WASHINGTON (AP) — A federal judge in Virginia has given the Justice Department until next week to say whether it will seek the testimony of a New York Times reporter in the trial of a former CIA officer accused of leaking classified information.
U.S. District Judge Leonie Brinkema ordered prosecutors to announce at a Dec. 16 hearing whether they plan to call journalist James Risen as a witness.
In her one-page order, Brinkema also asked prosecutors to reveal "any conditions or limitations" they have worked out with Risen's attorneys. She said the Justice Department has had more than six months to decide whether it would subpoena Risen to testify at the trial, which is scheduled to start Jan. 12.
"Because Mr. Risen's presence or absence at the trial will have a significant impact on how the parties present their case, a decision about Mr. Risen must be made sufficiently before trial to enable the parties to prepare adequately," she wrote in the order dated Tuesday.
Prosecutors allege that Jeffrey Sterling disclosed to Risen classified information about operations in Iran. They have said Risen's testimony is integral to their case. In a motion filed last month, they said they had no deal in place with Risen and that his lawyers had said that, even if subpoenaed, he would refuse to provide any substantive testimony at the trial.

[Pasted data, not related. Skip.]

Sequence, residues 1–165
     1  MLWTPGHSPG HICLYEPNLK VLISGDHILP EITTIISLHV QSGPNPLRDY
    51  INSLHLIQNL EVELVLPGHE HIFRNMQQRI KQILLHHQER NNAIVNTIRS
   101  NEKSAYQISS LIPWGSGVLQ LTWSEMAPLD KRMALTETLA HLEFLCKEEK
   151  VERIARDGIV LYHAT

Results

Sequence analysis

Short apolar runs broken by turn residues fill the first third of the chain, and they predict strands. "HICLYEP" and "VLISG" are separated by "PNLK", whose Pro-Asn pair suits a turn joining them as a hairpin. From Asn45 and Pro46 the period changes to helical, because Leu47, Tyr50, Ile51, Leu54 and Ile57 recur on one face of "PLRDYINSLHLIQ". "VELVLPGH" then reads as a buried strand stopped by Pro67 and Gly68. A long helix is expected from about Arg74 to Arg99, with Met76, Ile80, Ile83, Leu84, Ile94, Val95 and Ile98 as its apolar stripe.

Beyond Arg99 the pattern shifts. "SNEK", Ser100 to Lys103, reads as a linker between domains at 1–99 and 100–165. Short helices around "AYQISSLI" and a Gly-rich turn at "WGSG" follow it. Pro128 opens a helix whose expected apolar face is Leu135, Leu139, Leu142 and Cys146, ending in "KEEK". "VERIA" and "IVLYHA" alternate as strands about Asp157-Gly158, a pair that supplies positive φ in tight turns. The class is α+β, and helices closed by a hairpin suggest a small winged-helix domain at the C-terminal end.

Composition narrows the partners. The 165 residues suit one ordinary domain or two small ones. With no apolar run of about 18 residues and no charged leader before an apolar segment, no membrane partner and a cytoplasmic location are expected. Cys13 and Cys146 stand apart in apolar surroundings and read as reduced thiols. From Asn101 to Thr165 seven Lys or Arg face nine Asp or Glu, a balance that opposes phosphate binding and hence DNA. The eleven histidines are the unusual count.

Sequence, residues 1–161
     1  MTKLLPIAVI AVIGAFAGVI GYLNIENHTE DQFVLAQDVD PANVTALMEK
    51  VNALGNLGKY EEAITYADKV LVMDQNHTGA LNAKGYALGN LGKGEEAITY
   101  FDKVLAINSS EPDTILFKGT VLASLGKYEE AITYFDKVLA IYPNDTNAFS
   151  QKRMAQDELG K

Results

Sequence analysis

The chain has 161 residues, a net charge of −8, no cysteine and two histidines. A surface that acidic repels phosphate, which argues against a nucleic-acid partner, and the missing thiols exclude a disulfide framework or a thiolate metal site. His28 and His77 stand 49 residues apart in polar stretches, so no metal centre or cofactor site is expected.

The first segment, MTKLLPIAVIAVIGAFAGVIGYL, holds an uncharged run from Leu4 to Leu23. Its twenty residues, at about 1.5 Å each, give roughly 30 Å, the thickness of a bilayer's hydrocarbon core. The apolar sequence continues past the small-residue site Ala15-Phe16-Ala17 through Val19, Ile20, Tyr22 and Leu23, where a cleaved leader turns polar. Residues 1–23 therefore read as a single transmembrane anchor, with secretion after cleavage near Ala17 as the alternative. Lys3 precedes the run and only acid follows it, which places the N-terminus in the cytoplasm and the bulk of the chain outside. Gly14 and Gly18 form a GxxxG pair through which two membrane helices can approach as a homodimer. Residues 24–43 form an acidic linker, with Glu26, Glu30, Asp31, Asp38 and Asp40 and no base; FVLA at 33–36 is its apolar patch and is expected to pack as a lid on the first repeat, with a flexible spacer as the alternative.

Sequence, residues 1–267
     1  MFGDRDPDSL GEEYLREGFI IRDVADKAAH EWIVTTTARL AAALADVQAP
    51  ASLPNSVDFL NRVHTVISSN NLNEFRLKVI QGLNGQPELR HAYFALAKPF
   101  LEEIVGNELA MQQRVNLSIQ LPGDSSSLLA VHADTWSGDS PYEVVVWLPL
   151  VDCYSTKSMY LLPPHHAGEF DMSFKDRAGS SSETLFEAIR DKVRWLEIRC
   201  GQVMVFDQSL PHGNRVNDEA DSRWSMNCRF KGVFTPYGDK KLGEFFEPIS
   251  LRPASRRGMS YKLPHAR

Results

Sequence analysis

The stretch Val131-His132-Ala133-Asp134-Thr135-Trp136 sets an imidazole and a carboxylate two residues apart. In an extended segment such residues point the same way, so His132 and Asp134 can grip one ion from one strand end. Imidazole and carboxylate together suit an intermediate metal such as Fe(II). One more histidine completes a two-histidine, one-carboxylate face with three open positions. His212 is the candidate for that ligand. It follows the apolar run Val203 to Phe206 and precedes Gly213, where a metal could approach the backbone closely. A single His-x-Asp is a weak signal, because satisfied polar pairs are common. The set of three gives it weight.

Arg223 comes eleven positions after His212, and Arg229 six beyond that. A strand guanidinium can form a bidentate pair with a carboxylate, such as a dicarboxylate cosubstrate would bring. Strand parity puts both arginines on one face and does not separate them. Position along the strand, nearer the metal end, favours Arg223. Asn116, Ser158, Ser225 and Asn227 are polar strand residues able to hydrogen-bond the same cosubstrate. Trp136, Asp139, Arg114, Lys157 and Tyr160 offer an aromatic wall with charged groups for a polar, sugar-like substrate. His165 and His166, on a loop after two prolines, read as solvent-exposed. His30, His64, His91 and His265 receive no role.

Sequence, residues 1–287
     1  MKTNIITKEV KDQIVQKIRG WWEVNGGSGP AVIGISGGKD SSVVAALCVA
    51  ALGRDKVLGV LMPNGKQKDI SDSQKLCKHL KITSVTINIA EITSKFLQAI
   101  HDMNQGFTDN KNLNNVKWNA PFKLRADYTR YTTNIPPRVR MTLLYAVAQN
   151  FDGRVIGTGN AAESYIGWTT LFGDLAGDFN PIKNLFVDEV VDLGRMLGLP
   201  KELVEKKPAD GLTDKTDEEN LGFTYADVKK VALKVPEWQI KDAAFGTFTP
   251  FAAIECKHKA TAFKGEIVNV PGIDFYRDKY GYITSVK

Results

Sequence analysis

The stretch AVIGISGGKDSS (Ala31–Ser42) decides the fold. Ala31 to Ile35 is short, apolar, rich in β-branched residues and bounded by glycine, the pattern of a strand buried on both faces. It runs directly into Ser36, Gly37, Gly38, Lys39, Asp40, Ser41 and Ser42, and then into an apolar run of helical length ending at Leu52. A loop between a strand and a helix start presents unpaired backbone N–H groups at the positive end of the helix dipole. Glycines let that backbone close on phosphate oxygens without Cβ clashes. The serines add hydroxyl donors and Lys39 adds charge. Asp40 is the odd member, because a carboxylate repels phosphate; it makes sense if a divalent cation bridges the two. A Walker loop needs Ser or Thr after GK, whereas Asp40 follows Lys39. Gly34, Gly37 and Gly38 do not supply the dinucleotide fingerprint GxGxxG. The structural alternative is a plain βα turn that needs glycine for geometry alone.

The trial has long been delayed while lawyers have debated whether Risen enjoys any kind of immunity from being compelled to testify about his interactions with anonymous sources. In June, the Supreme Court let stand a ruling from a federal appellate court that Risen could be subpoenaed.
Attorney General Eric Holder, though, has indicated he does not plan to jail reporters for contempt of court if they refuse to testify. In October, Holder reiterated that stance and said he expected Risen's situation to be resolved in a way that would satisfy all involved.